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Origin of toxic masculinity
Words nearby toxic masculinity
ABOUT THIS WORD
What does toxic masculinity mean?
“Be a man. Only girls cry.” This saying is an example of toxic masculinity, cultural expectations and standards of aggressive male behavior that are harmful not only to women and society but also to men themselves.
Where does toxic masculinity come from?
The term toxic masculinity originated during the late 1980s as part of something called the Mythopoetic Men’s Movement.
A response to feminism, this movement sought to contrast ideals of masculinity seen as toxic (social pressures to be dominant, aggressive, and independent) with deep masculinity (a more natural, in-touch-with-oneself maleness and more fully developed male-male relationships). The term toxic masculinity also appeared in psychological circles in the late 1980s investigating feminism and masculinity through Freudian and Jungian perspectives.
Toxic masculinity is loosely defined as masculine traits and ways of thinking or behaving that negatively impact both men and society as a whole. More extreme, obvious examples include misogyny and homophobia but it takes more insidious forms like a need for dominance, fear of showing weakness, performative violent tendencies, sexual entitlement and aggression, and controlling behavior.
Toxic masculinity has been tied to the concept of the patriarchy (control of society by men) and often stands opposed to social justice efforts like gender, racial, and income equality.
Interest in toxic masculinity spiked in 2016 during the presidential election of Donald Trump, who was widely criticized for promoting aspects of toxic masculinity in his language and behavior.
Following Trump’s election, toxic masculinity became the focus of much public discussion—and scrutiny—as a result of the #MeToo movement in late 2017, in which scores of women came forward to reveal their sexual harassment and assault at the hands of powerful men in their lives, such as employers, executives (e.g., Harvey Weinstein), colleagues (e.g., Matt Lauer), friends, and family.
Toxic masculinity is considered a major factor of rape culture, promoting the sexual and professional abuse of women by men.
How is toxic masculinity used in real life?
In popular contexts, toxic masculinity is often cited as “ruining” a group activity or a social experience, making a positive experience more exclusionary toward women and hostile to everyone.
Spoiler alert if you're trashing an IKEA in England the chances are the staff who have to clean up your mess are not Swedish… Toxic masculinity ruining sport for everyone since forever
— Ruth Davies (@_RuthDavies_) July 7, 2018
Toxic masculinity is also commonly discussed in debates about racial prejudice, as differences in social privilege and cultural background can create variations of toxic masculinity.
One effort to combat toxic masculinity involves teaching men and boys that emotionally vulnerable behavior (crying, asking for help, admitting defeat) is healthier than toxic masculine behavior.
More examples of toxic masculinity:
“The findings of a new study on men’s and women’s eco-friendly habits suggest “toxic masculinity” takes on an astonishingly literal meaning when it comes to men’s impact on the environment.’”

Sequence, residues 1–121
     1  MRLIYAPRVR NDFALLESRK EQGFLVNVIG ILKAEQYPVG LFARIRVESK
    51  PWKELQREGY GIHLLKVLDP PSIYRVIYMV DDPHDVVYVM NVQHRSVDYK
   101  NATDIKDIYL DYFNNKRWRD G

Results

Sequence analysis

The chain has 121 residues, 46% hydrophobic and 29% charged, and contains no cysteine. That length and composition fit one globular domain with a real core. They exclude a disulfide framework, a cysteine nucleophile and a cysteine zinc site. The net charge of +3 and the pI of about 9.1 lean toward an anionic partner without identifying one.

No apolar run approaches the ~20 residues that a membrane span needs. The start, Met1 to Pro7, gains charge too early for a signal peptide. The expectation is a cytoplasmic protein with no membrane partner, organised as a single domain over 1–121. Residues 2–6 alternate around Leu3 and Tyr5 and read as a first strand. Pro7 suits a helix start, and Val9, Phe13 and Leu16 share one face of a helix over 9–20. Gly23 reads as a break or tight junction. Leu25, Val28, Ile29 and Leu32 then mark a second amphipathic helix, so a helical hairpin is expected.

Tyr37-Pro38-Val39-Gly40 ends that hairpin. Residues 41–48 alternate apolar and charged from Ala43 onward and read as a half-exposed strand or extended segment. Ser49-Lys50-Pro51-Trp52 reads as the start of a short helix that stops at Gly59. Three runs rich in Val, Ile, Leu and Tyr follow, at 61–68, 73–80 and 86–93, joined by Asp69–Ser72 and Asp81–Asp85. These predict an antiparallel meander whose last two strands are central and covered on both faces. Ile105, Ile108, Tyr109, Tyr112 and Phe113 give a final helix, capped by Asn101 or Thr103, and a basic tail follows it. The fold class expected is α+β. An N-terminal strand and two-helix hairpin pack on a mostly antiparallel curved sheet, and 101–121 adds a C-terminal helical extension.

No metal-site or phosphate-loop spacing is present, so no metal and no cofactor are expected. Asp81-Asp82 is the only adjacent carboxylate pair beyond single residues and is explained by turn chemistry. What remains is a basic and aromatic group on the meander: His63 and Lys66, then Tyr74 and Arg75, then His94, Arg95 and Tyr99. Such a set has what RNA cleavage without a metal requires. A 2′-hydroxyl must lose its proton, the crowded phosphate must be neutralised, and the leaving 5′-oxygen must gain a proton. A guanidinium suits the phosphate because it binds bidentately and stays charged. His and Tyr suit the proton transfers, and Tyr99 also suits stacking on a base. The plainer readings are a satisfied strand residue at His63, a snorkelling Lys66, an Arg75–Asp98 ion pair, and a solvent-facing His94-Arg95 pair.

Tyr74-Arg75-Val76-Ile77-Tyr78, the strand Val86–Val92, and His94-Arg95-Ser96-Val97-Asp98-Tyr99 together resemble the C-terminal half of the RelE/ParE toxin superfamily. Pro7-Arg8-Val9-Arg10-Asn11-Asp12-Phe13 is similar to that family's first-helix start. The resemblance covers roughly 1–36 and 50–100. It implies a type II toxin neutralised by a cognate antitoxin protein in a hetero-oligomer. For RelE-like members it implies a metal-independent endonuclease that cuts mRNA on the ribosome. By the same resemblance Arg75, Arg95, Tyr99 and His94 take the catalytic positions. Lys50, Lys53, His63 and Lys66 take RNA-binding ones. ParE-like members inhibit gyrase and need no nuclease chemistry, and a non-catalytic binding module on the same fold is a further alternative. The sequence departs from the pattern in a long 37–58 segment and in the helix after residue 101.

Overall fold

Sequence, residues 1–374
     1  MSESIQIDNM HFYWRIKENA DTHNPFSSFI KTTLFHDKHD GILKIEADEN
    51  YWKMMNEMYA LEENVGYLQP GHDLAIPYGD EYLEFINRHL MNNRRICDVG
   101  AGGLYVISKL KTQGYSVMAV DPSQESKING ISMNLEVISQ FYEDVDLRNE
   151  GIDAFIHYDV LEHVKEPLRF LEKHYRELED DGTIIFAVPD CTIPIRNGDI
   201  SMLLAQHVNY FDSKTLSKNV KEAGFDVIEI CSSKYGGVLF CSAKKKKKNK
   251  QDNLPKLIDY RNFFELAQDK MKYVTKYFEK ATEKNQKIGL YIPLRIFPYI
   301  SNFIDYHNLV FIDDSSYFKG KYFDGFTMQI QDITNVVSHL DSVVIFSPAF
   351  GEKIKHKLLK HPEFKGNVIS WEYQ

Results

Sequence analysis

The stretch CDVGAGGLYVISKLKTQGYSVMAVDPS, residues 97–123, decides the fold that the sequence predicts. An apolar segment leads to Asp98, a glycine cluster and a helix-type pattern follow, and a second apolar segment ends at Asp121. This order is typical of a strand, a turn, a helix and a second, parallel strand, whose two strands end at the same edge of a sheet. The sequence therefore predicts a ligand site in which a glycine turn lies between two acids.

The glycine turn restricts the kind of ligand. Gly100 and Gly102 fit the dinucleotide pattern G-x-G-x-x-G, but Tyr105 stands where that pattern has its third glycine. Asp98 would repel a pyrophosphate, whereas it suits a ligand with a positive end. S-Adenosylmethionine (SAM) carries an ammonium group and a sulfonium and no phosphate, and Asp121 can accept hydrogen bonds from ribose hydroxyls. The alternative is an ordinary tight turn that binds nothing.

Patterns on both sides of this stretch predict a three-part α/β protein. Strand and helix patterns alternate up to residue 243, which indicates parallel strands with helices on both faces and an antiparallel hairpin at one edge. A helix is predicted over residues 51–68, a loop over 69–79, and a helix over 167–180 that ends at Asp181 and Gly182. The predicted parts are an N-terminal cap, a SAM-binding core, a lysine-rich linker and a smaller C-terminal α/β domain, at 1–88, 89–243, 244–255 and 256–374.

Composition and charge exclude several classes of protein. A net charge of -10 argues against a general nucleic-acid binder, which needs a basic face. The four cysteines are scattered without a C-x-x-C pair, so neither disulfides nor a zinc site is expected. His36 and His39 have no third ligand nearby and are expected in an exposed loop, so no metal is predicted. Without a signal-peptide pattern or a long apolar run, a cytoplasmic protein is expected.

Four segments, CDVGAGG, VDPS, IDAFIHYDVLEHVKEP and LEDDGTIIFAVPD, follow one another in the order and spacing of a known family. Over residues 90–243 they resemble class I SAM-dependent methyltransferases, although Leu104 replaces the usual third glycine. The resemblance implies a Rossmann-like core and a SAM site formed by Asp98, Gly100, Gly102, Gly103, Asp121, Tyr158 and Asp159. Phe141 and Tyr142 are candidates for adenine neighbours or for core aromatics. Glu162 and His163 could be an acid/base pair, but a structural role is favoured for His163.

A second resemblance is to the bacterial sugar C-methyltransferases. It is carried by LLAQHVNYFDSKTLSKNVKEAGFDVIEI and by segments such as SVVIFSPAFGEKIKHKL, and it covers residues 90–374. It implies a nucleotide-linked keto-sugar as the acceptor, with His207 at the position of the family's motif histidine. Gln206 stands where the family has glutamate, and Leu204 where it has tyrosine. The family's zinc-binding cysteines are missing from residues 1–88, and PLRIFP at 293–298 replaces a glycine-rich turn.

—Marie Solis, Mic, September 2016
“I will not name these vile, violent men – not just because this would give them the recognition they wanted, but because it’s unhelpful. Instead, we need to name the real culprit: toxic masculinity…Toxic masculinity is what entitles a man to take a weapon and take other people’s lives in the name of his values.”
—Janey Stephenson, The Independent, July 2016
This content is not meant to be a formal definition of this term. Rather, it is an informal summary that seeks to provide supplemental information and context important to know or keep in mind about the term’s history, meaning, and usage.
Example sentences from the Web for toxic masculinity
The toxic masculinity of the show is a recurring theme — Wallace, he writes, was a bra-strap-snapper and behind-grabber in the early days — and it’s a dynamic that would come to take on greater prominence in the “60 Minutes” narrative.
The toxic masculinity diagnosis was formalized in 2018, when the American Psychological Association issued its first Guidelines for Psychological Practice with Boys and Men.
In this unsparing guide to life, the comedians share entertaining analyses of toxic masculinity, raising children, buying sneakers and more.11 Funny Audiobooks to Lighten the Mood This Dreary Winter|Annabel Gutterman|January 15, 2021|Time
A more rugged version of American masculinity is hard to find on screen.The Story Behind Lee Marvin’s Liberty Valance Smile|Robert Ward|January 3, 2015|DAILY BEAST
But it is not actually as toxic as it seems (although, admittedly, it does seem pretty toxic).
What does masculinity look like in a world where men and women alike can be titans?
Infernal, it can cause fires and explosions; toxic, it can debilitate, poison, and kill.
But as her audience broadens, you have to wonder, is the big-time toxic to her art?
As he finds rag weed more toxic than the English timothy, his actual first dose is one-half of this theoretical dose.The Treatment of Hay Fever|George Frederick Laidlaw
His experiments show that amorphous phosphorus was not toxic to animals.
Breezy freshness, strong masculinity, and almost reckless abandon in the literary texture and dramatic inventions.The Devourers|Annie Vivanti Chartres
As before, I see it turn brown and die on the spot, still half inside the toxic corpse.More Hunting Wasps|J. Henri Fabre
In spite of her aggressive masculinity, she is somehow made in her way really attractive.